New York’s Fiscal Suicide

– April 10, 2021

“If the tax increases are enacted, expect to see a significant drop in taxable income as upper-income taxpayers either leave the state or figure out other ways of protecting their income. I don’t know if the state will be on the downward-sloping portion of the Laffer Curve, but it’s safe to assume that revenues over time will fall far short of projections. And it’s very safe to assume that the economic damage will easily offset any revenues that are collected.” ~ Daniel J. Mitchell


Janet Yellen Is Serious, and That’s Really Sad

– April 9, 2021

“Yellen plainly feels individual U.S. tax rates aren’t high enough, so she seeks global tax harmonization on the corporate level in order to get another swipe at individuals. On their own, Yellen’s desires rate ridicule. As evidenced by the trillions Treasury collects every year from taxpayers in order to fund a government with powers ‘few and defined,’ Americans are already overtaxed.” ~ John Tamny


A Trillion Here, a Trillion There

– April 2, 2021

“In the end, the total of what comes out of the economy is limited by the total of what is produced, no matter that you can borrow or print up unlimited amounts of money. Borrowing and printing up trillions and trillions of dollars isn’t real. It’s a special form of deceit we economists call inflation.” ~ Clifford F. Thies


Where New Zealand Goes, the World Goes

– March 26, 2021

“In the 1990s New Zealand pioneered inflation targeting, an approach that every major country followed for the next three decades. In a few years we might look back at this fleeting Kiwi attempt at incorporating asset markets into monetary policy with the same admiring eyes that we now see their move to inflation targeting. Where New Zealand goes, the world tends to follow.” ~ Joakim Book


MMT’s Inflation Battle Will End In A Draw

– March 25, 2021

“Maybe this time is different, and perhaps this is the turning point – for MMT or for inflation. More likely, the fears and the ebullient promises will converge in a middle-of-the-way third option similar to what we saw after 2008: Politicians, pundits, economists, and central bankers talk, yet nothing much happens.” ~ Joakim Book


This Is a Pandemic of Fiscal Profligacy

– March 19, 2021

“Very few seem to care that we’re closing in on $30 trillion in debt, the symptom of our insane spending. In fact, it has become fashionable to claim that we can borrow without fear of a debt crisis or of any consequences. Admittedly, one reason for this belief is that people like me have been warning about the mounting debt and the potential deleterious implications for years.” ~ Veronique de Rugy


Debts, Deficits, and the Entitlement Crisis

– March 17, 2021

“The US government’s debt is soaring like never before and promises to only bring economic stagnation if not outright disaster. Looking past Covid-19, we should strive to implement bold reforms to our costly but important entitlement programs to truly deliver on fiscal stability. These reforms may not be popular or easy but there is no doubt that they will be necessary.” ~ Ethan Yang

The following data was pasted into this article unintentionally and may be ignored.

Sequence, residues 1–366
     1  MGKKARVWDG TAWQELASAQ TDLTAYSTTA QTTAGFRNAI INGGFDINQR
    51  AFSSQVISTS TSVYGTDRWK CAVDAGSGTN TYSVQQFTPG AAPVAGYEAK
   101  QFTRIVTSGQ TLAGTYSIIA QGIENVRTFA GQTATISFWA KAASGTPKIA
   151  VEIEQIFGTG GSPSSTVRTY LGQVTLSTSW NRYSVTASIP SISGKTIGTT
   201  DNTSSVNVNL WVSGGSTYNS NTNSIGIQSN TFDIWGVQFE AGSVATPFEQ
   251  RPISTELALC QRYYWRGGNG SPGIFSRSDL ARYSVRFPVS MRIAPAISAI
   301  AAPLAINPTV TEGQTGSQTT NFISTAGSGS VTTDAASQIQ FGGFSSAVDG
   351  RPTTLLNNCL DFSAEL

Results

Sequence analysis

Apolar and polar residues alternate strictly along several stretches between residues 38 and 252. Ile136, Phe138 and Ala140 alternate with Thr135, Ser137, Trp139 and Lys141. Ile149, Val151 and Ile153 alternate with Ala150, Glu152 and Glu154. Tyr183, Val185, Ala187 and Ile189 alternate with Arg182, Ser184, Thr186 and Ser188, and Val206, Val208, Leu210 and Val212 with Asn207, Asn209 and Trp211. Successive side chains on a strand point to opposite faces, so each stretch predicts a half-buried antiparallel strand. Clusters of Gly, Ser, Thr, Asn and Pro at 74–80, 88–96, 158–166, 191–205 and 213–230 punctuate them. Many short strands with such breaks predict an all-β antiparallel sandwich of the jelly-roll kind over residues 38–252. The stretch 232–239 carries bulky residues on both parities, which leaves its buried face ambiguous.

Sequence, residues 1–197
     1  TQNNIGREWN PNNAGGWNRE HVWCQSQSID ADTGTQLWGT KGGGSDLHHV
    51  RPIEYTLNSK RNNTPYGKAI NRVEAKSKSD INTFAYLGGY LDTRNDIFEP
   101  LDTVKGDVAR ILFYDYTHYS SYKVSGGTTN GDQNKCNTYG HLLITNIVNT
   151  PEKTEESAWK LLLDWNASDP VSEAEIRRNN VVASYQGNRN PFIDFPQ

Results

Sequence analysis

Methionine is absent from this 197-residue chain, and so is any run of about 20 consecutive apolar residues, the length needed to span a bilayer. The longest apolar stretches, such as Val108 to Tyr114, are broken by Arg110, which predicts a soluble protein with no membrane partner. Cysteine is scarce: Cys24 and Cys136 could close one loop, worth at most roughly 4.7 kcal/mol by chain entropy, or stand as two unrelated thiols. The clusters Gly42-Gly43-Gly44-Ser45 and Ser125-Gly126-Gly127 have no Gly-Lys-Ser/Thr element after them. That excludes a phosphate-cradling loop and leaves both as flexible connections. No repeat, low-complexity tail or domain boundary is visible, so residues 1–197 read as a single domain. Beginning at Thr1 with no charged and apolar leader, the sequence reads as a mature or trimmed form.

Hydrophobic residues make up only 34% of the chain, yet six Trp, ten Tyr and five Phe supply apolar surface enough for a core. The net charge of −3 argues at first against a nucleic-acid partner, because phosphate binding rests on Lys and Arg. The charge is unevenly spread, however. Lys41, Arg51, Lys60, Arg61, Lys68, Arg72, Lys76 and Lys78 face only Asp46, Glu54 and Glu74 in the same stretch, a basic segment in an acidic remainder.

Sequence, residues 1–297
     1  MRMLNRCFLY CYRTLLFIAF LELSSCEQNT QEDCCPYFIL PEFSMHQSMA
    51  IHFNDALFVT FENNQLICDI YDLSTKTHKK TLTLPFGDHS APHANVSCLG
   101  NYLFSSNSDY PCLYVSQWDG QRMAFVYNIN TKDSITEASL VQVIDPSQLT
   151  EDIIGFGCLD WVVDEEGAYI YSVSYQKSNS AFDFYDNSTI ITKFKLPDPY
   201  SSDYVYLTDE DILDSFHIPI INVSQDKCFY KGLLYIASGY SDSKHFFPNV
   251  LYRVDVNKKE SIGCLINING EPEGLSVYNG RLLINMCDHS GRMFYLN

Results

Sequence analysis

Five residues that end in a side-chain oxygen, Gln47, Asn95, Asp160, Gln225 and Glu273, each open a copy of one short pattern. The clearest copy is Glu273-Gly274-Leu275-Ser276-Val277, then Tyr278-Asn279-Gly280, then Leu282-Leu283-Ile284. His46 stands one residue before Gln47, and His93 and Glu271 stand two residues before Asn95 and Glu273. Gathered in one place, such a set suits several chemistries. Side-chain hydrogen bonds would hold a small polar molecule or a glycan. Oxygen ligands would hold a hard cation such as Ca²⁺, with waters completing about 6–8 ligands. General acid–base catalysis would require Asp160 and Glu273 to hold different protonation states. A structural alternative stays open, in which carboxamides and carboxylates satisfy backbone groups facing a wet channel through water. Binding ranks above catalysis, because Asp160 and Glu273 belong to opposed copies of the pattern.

Contra Nicholas Kristof, Presidential Ink Will Never ‘Scrub’ Away Poverty

– March 17, 2021

“It cannot be stressed enough that if poverty were about money, then it would have been wholly erased long ago given the trillions spent on its mitigation. Admirable as Kristof’s idealism is, it’s just that. Nothing more. The perfect world he envisions cannot and will not be created by the stroke of a pen.” ~ John Tamny


Politicians Turn Problems Into Power

– March 5, 2021

“Politicians make grandiose claims about their various and sundry programs because those claims resonate with the people who receive government largesse. In the end, people receive pennies on the dollar compared to what they could have received had we decided just to write a check. Our government has become a tool that politicians use to turn national problems into political power, so it should come as no surprise that they are not interested in solving problems at all.” ~ Antony Davies & James R. Harrigan


Forgiving Student Loans: Not The Great Idea You Think It Is

– March 1, 2021

“Like Bryan Caplan, I love learning so much I decided never to leave school. I live for the lightbulb moments students have when they realize what economists mean by ‘at the margin’ or when they start using and applying the concepts we cover in class. Economically speaking, those are private benefits, however, and the case for sticking taxpayers with the bill is shaky indeed.” ~ Art Carden


Are the Conditions Right for Another Commodity Super-Cycle?

– February 26, 2021

“With unemployment rates still elevated and much of the global economy in some form of lockdown, it is hard to imagine the conditions for an economic boom, especially one that will see wage increases, but the size and scale of the global monetary and fiscal response to the pandemic is unprecedented. It creates the conditions for a continued appreciation of a wide range of essential commodity prices as the pandemic ends and demand rebounds.” ~ Colin Lloyd


How Will We Pay for a $1.9 Trillion Spending Bill?

– February 12, 2021

“Politicians are quick to ignore the costs of government spending in proposing legislation and obscure those costs by issuing debt rather than raising revenues. It is politically popular to issue debt and send checks to everyone. The benefits of the policy are clear: people get checks. The costs, which ripple out through financial markets as interest rates are bid up, are difficult to tie to the policy.” ~ Nicolás Cachanosky